With the beginning of a new school year, young students are taking part in lots of different athletic events.
As families head to the stadium or gym, it’s a good time to pause and think about how to make the most out of a young athlete’s experience.
Jedediah Blanton, assistant professor of practice in the Department of Kinesiology, Recreation, and Sport Studies, focuses his research on maximizing the benefits of youth sport and minimizing the detriments. He looks at how coaches, athletic directors, and state high school associations can help foster leadership and life skills through high school athletics.
Here he shares some tips on how to make sure children get the most out of their sport experiences.
How can young athletes stay properly focused?
Athletes often make mistakes by thinking about too many things at one time. And often those things are parts of the game they cannot control. One way to help athletes when they are too in their head is to first help them recognize when it’s happening and why, and then to refocus by having them:
- Take a deep breath
- Ask themselves what they can control and then channel their mental and physical energy there.
What can coaches do?
We encourage coaches to host practice sessions that are more like games. Too often coaches run the same drill over and over and over again, and we almost never get a game situation with the same skill back-to-back. Gamelike practices help athletes learn to make quick performance decisions without being able to predict what will happen. This sort of practice also allows coaches and players to stop and think through a mistake if one is made.
What we perceive as performance pressure is actually a fear of letting others down. And for young athletes these others are adults—namely, parents and coaches—who dictate much of their lives and perhaps even show varying levels of love based on sport performance. We always tell parents to show unconditional love and to let the child drive the conversation after a game, especially a loss. When young athletes have this kind of support, they are more likely to try new tactics without fear of what will happen when they fail or make a mistake.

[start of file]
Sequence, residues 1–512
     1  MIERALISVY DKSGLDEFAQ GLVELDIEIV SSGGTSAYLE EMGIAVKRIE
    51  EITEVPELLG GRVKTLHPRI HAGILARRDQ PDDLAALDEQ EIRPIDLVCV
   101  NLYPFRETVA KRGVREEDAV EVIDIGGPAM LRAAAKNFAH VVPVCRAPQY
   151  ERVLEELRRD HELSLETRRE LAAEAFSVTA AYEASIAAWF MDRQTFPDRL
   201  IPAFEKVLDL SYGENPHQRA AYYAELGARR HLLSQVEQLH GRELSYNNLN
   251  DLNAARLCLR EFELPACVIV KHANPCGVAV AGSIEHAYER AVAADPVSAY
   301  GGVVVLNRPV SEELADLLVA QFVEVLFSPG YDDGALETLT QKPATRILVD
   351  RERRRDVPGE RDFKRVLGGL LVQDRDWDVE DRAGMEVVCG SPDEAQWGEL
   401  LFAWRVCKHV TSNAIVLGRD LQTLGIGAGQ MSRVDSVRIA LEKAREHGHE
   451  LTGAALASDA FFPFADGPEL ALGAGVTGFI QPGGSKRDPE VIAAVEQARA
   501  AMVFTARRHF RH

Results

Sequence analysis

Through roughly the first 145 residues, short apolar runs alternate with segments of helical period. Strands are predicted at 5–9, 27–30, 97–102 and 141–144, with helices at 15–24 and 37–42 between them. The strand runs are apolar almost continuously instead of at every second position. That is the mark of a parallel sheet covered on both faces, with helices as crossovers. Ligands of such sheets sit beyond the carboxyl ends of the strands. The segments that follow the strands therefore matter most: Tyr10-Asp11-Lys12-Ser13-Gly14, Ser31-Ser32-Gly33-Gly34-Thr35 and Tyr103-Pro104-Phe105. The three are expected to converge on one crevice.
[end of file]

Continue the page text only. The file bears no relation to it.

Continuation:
What are the best tips for young athletes who have coaches who don’t give them feedback, either positive or negative?
To the extent the athlete is comfortable, they can simply ask the coach for some extra tips after practice. It’s a good idea to open this request with a goal statement first: “I really think I could improve my corner kicks. Can you watch me kick a couple and give me some feedback?” Other strategies might include leaning on peers or parents. For example, ask them to video you during practice and then watch it together to identify what went well and what could be improved.
What are the best tips for parents on how to support their young athlete?
We always ask parents to love their child unconditionally and remember that their child’s well-being is more important than one weekend’s sport outcome. We ask that parents model the type of person they want their child to be, in sport and out of it.
Athletes watch and listen as parents process their wins and losses. If a loss means a miserable and berating lecture on the ride home, they are going to quickly become miserable in sport. But if the athlete chooses to talk about it, and the parents help them to celebrate what went well, they will view sport as a place where it is OK to experiment and make mistakes as long as they try their best.
Photo by Eagle Photography